The TeaPotties are, in fact, helping the tycoons on Wall Street continue their mad hatting and double dealing. We're all angry, but my anger includes the deluded and vengeful Tea for Two's who are only promoting and encouraging the very thing they are most upset about.
TARP was and is a good deal.
Amplify’d from motherjones.com
TARP, the Tea Party, and Me— By Kevin Drum
| Fri Sep. 17, 2010 3:00 AM PDT
What was I doing two years ago? Well, according to my blog, on September 29, 2008 I was "consumed with a debilitating combination of fury and despair." Why? Because following two weeks of unprecedented financial meltdown, the House had just rejected Henry Paulson's bank bailout bill, the Troubled Asset Relief Program.
But what happened? Even though it was proposed by a Republican president, supported by a Republican treasury secretary and a Republican Fed chairman, and backed by the Republican leadership, two-thirds of House Republicans voted against it.
After the House voted down TARP the Dow Jones plunged 400 points in ten minutes. By the end of the day $1.2 trillion had been lost on U.S. exchanges and regulators were rushing to try to sell off Wachovia, the biggest bank yet to fail. That finally got the attention of GOP backbenchers, and a few days later a revised TARP bill (stuffed with some extra goodies as bribes) was passed. Markets relaxed and everyone breathed a little easier.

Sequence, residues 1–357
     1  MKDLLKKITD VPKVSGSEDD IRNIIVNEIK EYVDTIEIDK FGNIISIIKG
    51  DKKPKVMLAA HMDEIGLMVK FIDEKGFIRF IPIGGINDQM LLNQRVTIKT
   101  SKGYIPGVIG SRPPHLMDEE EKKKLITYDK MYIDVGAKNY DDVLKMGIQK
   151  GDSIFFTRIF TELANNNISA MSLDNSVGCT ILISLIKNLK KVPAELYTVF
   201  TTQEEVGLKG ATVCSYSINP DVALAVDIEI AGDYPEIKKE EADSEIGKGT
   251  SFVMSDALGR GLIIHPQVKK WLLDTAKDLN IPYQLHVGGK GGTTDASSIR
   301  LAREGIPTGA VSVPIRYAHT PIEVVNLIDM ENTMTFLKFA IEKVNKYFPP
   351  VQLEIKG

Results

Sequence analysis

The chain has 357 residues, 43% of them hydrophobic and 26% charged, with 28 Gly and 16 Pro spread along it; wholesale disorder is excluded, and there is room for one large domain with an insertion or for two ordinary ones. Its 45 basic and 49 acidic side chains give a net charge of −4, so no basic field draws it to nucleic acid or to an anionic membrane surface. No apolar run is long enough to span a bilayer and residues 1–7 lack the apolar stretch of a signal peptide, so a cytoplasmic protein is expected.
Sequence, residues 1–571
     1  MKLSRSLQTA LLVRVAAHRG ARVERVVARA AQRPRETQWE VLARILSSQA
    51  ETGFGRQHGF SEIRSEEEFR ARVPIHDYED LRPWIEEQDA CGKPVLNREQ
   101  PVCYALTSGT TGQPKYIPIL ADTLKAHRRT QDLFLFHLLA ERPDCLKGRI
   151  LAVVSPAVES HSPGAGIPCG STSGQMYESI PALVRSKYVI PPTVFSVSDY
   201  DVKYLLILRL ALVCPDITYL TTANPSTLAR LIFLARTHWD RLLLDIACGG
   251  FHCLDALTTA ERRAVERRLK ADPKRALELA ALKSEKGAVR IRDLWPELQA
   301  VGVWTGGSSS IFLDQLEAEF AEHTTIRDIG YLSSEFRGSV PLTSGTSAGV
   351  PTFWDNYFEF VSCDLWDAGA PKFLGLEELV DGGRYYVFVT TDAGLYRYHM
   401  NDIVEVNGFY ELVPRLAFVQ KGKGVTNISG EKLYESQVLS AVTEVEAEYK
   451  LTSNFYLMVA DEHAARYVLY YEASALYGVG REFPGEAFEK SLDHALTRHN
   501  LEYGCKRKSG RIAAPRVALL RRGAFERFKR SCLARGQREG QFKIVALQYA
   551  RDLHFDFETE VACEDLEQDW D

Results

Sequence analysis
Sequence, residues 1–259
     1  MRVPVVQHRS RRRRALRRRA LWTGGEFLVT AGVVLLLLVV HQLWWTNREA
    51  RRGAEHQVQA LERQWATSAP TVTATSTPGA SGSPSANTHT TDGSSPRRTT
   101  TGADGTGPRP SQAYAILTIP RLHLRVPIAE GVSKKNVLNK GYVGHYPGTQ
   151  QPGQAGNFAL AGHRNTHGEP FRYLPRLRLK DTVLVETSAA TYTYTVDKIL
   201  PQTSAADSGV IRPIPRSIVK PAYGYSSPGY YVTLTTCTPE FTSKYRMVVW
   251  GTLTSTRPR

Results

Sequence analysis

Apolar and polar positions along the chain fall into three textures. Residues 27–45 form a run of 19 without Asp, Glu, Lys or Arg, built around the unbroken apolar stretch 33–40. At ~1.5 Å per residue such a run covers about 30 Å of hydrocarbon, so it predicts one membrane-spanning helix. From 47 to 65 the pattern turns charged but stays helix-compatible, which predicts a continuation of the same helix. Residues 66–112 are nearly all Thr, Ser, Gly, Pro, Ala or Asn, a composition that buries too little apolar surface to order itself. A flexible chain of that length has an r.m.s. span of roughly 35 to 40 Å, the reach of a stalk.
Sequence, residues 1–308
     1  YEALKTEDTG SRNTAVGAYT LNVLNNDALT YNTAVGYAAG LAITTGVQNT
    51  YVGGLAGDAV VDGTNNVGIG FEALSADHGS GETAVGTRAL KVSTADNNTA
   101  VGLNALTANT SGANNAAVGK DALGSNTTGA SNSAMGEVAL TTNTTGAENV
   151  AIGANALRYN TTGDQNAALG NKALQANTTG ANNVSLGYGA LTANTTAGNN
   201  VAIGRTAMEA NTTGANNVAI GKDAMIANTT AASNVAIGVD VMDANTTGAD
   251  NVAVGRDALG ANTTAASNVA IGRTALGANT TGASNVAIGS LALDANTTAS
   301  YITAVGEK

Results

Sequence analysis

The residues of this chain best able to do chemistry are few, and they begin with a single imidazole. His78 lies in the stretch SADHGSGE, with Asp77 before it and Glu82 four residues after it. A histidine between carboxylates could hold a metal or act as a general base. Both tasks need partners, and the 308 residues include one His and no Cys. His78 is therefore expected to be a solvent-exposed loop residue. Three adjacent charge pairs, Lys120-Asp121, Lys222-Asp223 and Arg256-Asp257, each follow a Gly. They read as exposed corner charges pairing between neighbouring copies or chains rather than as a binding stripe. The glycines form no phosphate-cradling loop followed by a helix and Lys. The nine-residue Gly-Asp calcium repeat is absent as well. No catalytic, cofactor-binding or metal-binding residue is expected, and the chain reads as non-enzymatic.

To this day, tea partiers remain convinced that it was both unnecessary and a vast black hole for taxpayer money. Neither is true, but the tea party view is now so pervasive that, as Ben Smith reports, politicians of both parties consider TARP the new third rail of American politics:
And the cost of TARP? CBO estimates the government will make a profit of $7 billion from the bank bailouts (though it may still lose money on GM and Chrysler, which were also rescued with TARP funds) and it now looks like AIG will pay back all its bailout money too. Bottom line: the ongoing recession caused by Wall Street's reckless behavior has cost us a bundle. But TARP itself? Its net direct cost is zero, and when you include the fact that it almost certainly saved the banking system and softened the recession, it may boast the biggest bang for the buck of any bill ever passed by Congress.
The tea parties will eventually pass into the dustbin of history, I suppose, but in the meantime TARP's fortunes certainly haven't made me more confident that our government can do the things it has to do. Instead, TARP turned out to represent the outer limit of what our government can do, and that was just the bare minimum to avoid catastrophe. We deserve better than that.Read more at motherjones.com
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